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Derry gran left homeless by blaze given just an hour to vacate shelter after row with bosses


Louise Nash, from Derry, who was evicted from a homeless shelter and now lives in a B&B

Louise Nash, from Derry, who was evicted from a homeless shelter and now lives in a B&B

Louise Nash, from Derry, who was evicted from a homeless shelter and now lives in a B&B

A grandmother whose home was lost in a fire as she lay ill in hospital has spoken of her distress after being evicted from the homeless shelter she has lived in for the past year following a dispute with management.

Louise Nash (50) had been living in Clarendon Women's Shelter (Ashmore House) in Londonderry since September after her Springtown bungalow burnt down as she recuperated from illness in hospital.

On June 29, Ms Nash said she was handed a letter of eviction and given an hour to vacate the premises she has called home since her property was destroyed.

She said she was asked to leave after refusing to sign a revised code of conduct that had been drawn up by new management, and after she raised concerns over the introduction of male staff into a shelter that houses vulnerable women, including those who have suffered domestic abuse.

"There had been some issues over the course of a number of days," Ms Nash said.

"I had voiced my concern about the new male manager who was appointed. The shelter is exempt from having to employ males, and boys over the age of 12 years old are not allowed in. There were meetings and I spoke up about these issues.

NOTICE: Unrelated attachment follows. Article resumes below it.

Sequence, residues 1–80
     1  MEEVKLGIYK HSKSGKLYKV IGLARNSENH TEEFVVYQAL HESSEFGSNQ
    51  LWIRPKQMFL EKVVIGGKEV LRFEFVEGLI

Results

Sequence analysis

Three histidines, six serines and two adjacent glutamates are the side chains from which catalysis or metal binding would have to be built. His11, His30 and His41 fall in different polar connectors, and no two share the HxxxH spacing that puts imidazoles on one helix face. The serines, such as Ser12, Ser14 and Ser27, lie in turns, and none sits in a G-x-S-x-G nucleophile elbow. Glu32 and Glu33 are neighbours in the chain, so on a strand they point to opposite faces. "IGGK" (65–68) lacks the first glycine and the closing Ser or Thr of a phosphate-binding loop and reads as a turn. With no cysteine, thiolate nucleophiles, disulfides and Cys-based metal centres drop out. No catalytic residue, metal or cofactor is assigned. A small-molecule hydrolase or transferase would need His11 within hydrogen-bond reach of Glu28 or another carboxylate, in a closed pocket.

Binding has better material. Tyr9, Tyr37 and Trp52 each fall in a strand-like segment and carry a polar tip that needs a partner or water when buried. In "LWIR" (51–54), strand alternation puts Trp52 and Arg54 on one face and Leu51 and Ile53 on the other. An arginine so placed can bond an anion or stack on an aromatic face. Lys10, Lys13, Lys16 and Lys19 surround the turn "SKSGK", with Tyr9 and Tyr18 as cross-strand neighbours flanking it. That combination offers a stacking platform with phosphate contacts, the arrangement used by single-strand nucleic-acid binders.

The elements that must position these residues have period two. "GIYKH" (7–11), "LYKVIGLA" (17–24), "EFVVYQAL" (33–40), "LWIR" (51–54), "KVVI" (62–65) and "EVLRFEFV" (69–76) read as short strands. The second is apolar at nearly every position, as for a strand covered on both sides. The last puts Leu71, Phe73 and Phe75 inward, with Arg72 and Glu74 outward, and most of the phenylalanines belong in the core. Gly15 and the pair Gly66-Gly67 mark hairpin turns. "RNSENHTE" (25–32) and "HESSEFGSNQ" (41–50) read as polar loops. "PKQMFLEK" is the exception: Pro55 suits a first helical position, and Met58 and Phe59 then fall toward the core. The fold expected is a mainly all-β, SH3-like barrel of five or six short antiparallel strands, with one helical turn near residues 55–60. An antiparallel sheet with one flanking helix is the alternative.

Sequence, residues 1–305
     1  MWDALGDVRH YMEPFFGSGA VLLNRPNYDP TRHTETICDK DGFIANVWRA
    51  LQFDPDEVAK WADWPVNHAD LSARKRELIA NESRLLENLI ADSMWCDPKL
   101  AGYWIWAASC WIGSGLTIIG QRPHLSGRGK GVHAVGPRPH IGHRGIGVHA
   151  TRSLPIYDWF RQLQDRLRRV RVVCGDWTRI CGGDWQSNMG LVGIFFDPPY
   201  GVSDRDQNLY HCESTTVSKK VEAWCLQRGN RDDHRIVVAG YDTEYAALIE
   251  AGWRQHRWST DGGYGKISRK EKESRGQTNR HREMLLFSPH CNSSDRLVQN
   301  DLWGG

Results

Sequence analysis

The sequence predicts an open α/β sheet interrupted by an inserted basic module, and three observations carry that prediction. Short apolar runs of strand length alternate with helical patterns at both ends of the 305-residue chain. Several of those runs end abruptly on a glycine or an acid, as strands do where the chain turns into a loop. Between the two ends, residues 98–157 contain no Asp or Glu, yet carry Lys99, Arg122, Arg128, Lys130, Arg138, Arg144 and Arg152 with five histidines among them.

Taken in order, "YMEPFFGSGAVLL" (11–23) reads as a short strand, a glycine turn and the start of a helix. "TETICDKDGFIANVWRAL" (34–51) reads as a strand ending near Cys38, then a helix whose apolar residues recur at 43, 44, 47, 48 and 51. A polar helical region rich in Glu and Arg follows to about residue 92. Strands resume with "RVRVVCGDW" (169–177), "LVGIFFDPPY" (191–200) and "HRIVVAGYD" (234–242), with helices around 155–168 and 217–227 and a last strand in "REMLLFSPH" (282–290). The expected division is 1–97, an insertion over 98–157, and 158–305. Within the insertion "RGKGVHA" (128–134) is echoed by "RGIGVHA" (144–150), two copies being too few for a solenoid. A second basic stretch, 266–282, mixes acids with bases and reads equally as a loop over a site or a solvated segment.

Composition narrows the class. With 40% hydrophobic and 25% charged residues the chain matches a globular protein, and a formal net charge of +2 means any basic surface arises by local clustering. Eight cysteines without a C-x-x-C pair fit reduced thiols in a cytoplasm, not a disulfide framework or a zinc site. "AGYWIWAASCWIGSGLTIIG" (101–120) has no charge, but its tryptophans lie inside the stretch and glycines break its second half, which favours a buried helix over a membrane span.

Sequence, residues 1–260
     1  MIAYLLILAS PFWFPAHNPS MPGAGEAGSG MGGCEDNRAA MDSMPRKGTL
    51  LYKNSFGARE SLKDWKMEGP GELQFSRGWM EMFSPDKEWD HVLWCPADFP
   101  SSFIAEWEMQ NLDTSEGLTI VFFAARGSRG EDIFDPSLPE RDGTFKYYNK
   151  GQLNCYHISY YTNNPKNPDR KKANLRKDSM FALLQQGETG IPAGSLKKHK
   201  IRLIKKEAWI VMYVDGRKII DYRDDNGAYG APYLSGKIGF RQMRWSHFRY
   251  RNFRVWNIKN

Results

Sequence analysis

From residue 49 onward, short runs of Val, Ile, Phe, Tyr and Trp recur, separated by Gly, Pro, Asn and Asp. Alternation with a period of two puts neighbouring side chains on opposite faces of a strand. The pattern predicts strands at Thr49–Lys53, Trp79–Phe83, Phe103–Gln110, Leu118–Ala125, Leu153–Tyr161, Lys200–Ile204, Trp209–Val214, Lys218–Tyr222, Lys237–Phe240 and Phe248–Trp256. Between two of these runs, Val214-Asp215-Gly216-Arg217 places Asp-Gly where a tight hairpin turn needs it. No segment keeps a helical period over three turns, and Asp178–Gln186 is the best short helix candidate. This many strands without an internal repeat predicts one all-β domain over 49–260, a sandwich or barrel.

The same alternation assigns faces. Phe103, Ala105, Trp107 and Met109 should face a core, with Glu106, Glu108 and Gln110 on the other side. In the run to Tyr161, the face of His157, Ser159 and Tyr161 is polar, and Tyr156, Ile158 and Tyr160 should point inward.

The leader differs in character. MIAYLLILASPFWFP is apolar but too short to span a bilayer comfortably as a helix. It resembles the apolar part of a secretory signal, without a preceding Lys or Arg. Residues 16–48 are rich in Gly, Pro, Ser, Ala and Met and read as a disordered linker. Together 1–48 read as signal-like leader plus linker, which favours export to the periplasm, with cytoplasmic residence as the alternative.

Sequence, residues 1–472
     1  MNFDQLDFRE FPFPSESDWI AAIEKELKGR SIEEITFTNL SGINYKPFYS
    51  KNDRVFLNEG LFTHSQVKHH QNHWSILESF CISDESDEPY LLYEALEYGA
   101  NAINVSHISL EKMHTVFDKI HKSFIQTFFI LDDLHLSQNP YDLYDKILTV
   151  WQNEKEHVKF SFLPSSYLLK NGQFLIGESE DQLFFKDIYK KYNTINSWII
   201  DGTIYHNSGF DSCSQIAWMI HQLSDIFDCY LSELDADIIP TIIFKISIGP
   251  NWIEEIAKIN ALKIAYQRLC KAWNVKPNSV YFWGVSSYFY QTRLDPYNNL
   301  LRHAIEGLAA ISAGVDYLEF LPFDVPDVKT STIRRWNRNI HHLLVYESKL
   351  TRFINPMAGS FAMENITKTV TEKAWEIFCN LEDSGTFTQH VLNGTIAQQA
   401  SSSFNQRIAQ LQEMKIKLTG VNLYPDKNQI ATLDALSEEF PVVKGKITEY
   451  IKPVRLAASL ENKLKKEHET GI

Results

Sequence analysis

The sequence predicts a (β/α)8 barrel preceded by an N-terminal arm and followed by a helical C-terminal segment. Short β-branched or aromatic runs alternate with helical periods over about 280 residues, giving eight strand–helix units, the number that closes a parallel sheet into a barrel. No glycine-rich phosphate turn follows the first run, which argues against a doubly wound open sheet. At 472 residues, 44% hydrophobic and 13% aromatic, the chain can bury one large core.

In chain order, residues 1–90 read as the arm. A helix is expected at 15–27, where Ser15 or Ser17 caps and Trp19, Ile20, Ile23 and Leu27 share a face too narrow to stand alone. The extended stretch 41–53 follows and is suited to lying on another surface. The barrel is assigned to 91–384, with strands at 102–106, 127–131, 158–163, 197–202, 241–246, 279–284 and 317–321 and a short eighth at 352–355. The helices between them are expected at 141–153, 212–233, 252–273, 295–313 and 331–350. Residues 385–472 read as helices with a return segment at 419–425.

"Then a new code of conduct was brought in for us all to sign. I had signed a code of conduct when I arrived at the home last year.

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"I felt that the issues I was raising were not being dealt with so I said I wasn't signing a new code of conduct.

"I went down to get my breakfast at 11am on June 29 and was handed a letter that said I had to get out before noon.

"I had to go and pack my bags with absolutely nowhere to go. I was scared and devastated. I had a mental breakdown last year and have to watch my mental health.

"I packed my belongings and just sat in my room distraught. I was told by management that the police would be coming to escort me out if I didn't leave."

Ms Nash said the code of conduct issued by Ashmore House states that gross misconduct in terms of violent or inappropriate behaviour towards residents or staff, damage to property or theft will mean immediate expulsion.

She said she was neither guilty or accused of any of this type of behaviour.

"The letter they gave me to ask me to leave says that I failed to co-operate with staff in not signing the code of conduct and that I actively encouraged others not to sign it," she said. "They have simply made an example of me. I am disgusted by how they have treated me."

Ms Nash was assisted in gathering together her belongings by other residents, a taxi was arranged and she was taken to a local B&B which had been organised by the Housing Executive, and that is where she is now staying.

Ashmore House said: "We are working with the individual to find alternative temporary accommodation. We are happy to do so and are continuing to do so. We are working to safeguard clients and to assist her and support her in every way to find alternative suitable accommodation for her needs."

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